The Blue Lagoon is set in a dark lava field and holds cloudy, sulfur-rich water. Descriptions of it range from ‘otherworldly’ to ‘a tourist trap’ (the latter due to raised prices and its number of visitors). Nonetheless, the positives certainly outweigh the negatives – the Blue Lagoon is a truly unique destination; one that should not be missed if you are in Iceland. Located in South West Iceland on the road between Keflavík and Grindavík, its water is heated by a geothermal plant called Svartsengi. It can easily be accessed by bus tours or hired vehicles.
Overall, the experience was one that I would not have missed for the world, despite the awkward naked pre-pool showers (which apply in all Icelandic swimming pools). If you have eczema as I do, I highly recommend that you access some of the silica mud stored in buckets around the lagoon. It is particularly soothing and makes for wonderful face masks.
The animals you’ll encounter in Iceland range from the everyday elegant feline to gorgeous, liquid-eyed seals. In this post, I’ll be writing about the animals I saw in Iceland, including native, migratory and introduced species. Nothing excited me like seeing these animals, and so I hope you will enjoy the photos I am about to share. If you wish to see the animals of Iceland, stay sharp and observant and visit in summertime if possible; this is the best time for wildlife watching. Migratory animals like birds often settle in Iceland during this period. Without any further ado, I present animals of Iceland!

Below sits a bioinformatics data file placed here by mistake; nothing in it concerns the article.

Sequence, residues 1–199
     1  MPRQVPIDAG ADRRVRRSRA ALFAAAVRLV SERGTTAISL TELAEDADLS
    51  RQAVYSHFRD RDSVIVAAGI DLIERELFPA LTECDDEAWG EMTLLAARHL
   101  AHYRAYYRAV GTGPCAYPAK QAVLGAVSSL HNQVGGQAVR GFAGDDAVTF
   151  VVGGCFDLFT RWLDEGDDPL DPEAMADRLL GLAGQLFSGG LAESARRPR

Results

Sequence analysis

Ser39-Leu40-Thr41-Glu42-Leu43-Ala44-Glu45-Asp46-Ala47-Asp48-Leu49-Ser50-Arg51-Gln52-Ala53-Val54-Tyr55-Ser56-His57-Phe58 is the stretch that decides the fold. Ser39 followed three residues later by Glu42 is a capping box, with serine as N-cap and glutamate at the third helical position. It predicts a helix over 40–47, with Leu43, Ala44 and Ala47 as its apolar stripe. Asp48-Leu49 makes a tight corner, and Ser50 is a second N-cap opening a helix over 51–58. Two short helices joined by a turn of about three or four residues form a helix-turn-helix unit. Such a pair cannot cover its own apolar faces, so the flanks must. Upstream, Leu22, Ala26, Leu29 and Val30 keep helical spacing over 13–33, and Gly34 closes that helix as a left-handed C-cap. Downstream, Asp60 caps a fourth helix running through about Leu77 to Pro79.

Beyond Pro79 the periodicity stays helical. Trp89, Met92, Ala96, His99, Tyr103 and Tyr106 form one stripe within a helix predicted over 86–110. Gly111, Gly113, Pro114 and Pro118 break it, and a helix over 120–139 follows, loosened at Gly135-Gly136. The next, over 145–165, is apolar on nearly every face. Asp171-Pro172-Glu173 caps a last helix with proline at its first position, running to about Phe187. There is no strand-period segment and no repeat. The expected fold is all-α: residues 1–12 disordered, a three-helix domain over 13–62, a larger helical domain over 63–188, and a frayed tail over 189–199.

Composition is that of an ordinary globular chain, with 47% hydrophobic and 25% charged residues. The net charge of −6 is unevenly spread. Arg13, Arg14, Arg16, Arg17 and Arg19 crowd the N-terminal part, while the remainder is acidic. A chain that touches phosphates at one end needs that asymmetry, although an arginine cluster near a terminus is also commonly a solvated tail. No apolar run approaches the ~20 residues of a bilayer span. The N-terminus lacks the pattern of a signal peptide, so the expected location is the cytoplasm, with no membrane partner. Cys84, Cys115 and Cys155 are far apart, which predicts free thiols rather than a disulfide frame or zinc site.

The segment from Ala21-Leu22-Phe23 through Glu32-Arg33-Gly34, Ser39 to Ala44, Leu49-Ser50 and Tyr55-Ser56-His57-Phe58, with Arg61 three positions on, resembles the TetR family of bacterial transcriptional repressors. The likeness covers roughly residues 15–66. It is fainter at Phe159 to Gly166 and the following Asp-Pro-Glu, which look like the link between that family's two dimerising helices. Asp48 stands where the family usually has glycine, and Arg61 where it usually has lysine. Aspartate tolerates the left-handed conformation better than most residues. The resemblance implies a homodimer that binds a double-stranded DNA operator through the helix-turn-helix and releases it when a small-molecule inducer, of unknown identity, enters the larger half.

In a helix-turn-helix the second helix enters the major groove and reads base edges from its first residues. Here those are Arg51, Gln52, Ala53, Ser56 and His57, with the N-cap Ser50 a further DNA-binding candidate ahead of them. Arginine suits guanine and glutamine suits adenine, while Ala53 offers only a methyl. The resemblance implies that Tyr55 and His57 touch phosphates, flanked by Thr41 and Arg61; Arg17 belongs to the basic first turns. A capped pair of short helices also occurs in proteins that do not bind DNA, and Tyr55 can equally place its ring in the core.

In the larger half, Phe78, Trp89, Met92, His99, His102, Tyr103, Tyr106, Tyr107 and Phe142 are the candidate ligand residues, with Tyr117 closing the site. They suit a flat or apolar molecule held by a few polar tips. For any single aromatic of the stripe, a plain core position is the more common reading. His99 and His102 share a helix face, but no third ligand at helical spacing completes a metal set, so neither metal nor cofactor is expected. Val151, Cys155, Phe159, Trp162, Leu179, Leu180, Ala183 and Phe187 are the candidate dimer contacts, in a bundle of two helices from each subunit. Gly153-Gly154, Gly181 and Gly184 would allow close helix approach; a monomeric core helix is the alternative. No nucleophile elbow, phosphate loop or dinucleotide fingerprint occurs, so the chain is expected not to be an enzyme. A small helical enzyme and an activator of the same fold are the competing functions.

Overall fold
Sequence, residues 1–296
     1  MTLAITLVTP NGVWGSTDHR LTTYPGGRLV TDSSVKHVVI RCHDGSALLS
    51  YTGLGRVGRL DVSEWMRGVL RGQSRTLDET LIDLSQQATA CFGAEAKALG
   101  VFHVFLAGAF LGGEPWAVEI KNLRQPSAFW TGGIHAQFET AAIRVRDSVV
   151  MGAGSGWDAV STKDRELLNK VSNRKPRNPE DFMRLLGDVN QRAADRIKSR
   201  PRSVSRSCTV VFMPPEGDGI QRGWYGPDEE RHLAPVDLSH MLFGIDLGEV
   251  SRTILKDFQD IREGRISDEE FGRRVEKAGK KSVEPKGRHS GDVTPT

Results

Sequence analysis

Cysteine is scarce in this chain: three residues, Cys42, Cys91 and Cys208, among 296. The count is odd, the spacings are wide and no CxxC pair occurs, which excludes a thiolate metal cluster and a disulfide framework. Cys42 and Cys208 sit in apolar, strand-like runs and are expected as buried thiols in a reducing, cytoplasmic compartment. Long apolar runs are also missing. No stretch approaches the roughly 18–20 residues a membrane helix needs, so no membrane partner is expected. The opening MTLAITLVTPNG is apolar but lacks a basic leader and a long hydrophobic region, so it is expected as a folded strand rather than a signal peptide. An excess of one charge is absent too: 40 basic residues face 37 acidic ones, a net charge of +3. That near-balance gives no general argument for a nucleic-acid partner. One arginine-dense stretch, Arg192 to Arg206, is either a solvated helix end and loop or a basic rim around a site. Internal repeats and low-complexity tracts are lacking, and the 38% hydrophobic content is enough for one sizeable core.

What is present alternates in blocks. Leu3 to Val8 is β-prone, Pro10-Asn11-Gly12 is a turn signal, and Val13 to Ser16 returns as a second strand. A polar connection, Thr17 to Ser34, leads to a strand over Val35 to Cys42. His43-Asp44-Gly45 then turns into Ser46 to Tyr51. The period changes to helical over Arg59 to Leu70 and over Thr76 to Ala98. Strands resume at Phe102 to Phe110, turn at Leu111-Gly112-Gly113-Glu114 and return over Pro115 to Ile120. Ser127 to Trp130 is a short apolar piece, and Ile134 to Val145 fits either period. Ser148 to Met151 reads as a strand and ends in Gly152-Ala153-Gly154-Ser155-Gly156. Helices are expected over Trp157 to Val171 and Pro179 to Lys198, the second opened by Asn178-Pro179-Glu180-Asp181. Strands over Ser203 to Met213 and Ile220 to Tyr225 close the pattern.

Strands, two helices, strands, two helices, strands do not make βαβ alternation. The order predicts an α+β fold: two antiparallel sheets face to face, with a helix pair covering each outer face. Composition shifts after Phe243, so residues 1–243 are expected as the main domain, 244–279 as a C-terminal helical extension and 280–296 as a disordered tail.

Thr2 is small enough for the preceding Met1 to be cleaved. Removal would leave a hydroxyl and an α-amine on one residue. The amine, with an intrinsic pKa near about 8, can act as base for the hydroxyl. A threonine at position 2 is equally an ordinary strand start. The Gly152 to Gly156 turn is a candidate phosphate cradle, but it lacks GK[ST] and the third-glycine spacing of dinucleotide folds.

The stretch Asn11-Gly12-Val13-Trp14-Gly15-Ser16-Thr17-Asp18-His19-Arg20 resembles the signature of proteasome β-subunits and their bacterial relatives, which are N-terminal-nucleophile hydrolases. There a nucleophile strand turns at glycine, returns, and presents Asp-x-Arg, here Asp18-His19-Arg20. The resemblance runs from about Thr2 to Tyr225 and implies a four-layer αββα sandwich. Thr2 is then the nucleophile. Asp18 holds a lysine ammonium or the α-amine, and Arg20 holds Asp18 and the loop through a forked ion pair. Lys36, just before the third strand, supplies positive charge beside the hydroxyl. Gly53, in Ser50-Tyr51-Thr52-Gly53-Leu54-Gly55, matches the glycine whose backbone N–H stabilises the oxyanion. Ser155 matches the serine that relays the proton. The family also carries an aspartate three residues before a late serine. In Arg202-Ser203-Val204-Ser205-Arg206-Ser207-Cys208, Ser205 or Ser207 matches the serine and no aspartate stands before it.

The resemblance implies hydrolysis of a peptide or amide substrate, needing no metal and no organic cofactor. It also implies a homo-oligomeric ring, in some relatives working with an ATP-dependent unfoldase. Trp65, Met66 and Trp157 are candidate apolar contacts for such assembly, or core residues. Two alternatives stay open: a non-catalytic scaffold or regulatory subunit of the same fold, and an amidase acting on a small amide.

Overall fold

Seeing these gorgeous and playful creatures was one of the highlights of my trip. I was fortunate enough to see seals on three occasions in Iceland – once in the Westfjords, twice in Jökulsárlón, the glacial lagoon of southeast Iceland and for an extended period of time in Reykjavik Family Park and Zoo. (more…)